Amid the perpetual bumper-to-bumper traffic and block-after-block of business parks, an oasis has arisen bringing a heavy dose of flora to the concrete-heavy sprawl commonly known as Tysons Corner.
Greenhouse Bistro, a new restaurant from D.C. club owner Masoud Aboughaddareh, has been open just over a month now, located in the former Hunan Lion space in the “toilet bowl” building on Chain Bridge Road. Featuring a bright, open, window-filled dining room with rows upon rows of living herbs and microgreens on the walls, the concept lives up to its name – the restaurant itself resembles an actual greenhouse, with some extras.
There’s a 62-foot bar equipped with 20 beer taps, chock full of TVs in the center of the dining room, surrounded by high, family-style bar tables on one side and smaller tables for more cozy eating on the other. Behind the bar is a semi-private dining/gathering area with room for 30 plus a custom made farmer’s table that can seat 18. Out front, a patio featuring a floor with a built-in furnace is surrounded by a three-foot high glass wall, just the right height to prevent gusts of winds from blowing napkins and other items off tables. Sliding, folding glass doors can be fully opened to connect the patio to the dining room and future plans include a glass ceiling over diners to fully complete the greenhouse feel. And if that wasn’t enough, they gutted the shuttered mortgage company next door and converted it into a tea lounge featuring 20 types of teas, Illy coffee and small cold plates.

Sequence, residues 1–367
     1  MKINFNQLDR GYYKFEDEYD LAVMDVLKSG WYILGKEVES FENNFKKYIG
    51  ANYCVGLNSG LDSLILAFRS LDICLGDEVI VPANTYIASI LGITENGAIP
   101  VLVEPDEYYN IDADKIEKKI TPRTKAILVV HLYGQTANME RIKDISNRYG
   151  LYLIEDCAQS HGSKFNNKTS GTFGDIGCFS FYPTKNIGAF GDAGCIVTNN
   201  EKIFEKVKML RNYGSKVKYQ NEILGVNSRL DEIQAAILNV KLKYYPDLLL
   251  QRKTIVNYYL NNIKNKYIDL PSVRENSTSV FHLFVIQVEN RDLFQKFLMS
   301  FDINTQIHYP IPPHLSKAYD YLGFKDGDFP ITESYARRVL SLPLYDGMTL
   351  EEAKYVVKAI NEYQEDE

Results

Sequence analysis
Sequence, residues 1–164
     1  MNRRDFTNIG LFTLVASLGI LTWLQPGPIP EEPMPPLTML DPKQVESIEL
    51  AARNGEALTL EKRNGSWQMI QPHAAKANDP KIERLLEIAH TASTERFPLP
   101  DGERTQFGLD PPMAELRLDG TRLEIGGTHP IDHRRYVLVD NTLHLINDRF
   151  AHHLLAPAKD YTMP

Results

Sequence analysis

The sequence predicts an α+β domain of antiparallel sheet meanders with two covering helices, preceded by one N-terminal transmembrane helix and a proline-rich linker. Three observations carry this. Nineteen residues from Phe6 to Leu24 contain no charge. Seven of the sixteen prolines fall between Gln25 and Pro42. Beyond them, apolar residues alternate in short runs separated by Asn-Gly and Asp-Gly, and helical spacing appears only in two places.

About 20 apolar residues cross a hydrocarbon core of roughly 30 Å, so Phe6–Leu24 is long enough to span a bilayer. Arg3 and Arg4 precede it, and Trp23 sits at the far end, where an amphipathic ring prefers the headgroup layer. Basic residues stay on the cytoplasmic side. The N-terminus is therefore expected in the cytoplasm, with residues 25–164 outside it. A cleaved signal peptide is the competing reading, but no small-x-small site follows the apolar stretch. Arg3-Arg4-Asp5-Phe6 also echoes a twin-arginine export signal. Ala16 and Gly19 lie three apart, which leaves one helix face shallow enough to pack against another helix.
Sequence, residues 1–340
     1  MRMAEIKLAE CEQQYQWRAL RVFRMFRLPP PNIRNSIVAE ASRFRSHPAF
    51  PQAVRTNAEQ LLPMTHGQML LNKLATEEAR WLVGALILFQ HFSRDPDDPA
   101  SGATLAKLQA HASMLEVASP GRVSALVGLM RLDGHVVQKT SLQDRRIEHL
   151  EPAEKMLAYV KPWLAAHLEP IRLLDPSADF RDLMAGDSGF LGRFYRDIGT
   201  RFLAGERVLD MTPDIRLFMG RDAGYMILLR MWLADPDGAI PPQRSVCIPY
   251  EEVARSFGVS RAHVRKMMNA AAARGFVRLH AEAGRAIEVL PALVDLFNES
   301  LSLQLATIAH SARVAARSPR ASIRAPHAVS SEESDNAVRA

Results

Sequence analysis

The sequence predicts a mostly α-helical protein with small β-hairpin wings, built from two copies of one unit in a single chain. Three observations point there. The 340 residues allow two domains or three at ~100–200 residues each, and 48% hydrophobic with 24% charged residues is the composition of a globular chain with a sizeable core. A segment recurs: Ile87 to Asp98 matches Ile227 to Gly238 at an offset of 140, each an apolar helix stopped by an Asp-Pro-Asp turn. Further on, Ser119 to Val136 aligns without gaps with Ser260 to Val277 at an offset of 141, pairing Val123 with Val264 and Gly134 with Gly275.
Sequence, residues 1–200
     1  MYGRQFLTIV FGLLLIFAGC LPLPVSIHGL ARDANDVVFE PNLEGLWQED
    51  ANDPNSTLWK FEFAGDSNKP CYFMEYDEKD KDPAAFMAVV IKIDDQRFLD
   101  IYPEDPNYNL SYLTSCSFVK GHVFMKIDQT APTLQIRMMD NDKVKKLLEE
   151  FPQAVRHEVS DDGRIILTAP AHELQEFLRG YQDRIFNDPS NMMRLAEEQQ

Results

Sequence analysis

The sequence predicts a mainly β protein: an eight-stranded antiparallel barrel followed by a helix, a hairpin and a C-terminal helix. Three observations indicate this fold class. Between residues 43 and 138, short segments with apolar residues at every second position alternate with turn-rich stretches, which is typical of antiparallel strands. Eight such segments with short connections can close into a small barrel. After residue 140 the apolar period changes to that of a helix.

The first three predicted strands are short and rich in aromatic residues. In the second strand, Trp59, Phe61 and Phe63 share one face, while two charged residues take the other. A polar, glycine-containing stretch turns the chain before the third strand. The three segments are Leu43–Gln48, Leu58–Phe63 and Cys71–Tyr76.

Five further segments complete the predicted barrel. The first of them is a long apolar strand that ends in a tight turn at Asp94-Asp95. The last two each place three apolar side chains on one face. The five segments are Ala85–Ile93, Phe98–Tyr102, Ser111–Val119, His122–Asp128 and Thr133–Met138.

It’s safe to say there’s a lot going on at Greenhouse Bistro, and that includes the food.
The kitchen is helmed by executive chef Dale Schnell who created a menu that includes everything from pasta and pizza to seafood and sandwiches.
“I wanted to focus on healthy cuisine with local, fresh ingredients,” says Schnell whose menu features five types of salads, vegetarian appetizers and three vegan entrees. Traditionally heavier dishes are also evidence of this as an Atlantic cod main course, done with the flavors of paella, comes with stewed lima beans instead of rice. A starter of tempura avocado “fries” is served with a vegan ranch dressing and even the burger is a comparatively light creation. Rather than dressed up with bacon and fat-based sauces, the Akaushi beef (a wagyu breed of cattle Schnell says is the only kind served in the area) patty comes topped with a single slice of aged cheddar and fresh, crisp produce.
Greenhouse’s other popular dishes include a grilled octopus small plate with stewed tomatoes, squid ink bucatini cooked in lobster stock served head-on jumbo shrimp and a half-roasted chicken marinated in harissa for 24 hours. A brick oven pizza oven in the back of the open kitchen churns out a lineup of thin-crust pies that can be dressed up with close to 30 toppings including the restaurant’s hand-stretched mozzarella. For dessert, sugar-dusted ricotta beignets are served fresh out of the fryer with a strawberry-rhubarb dipping sauce.
Director of operations Daniel Hatem says he hopes Greenhouse can appeal to all sorts of diners, not just the typical, Tysons business crowd. “We offer three types of dining here,” he says. “Intimate dining outside on the patio, a bar where you can grab a beer, hang out and watch the game or a place inside to have dinner with the family.” And looking to further appeal beyond the after work, happy hour crowd, earlier this month Greenhouse introduced brunch, now served from 11 a.m. to 4 p.m. on Sundays.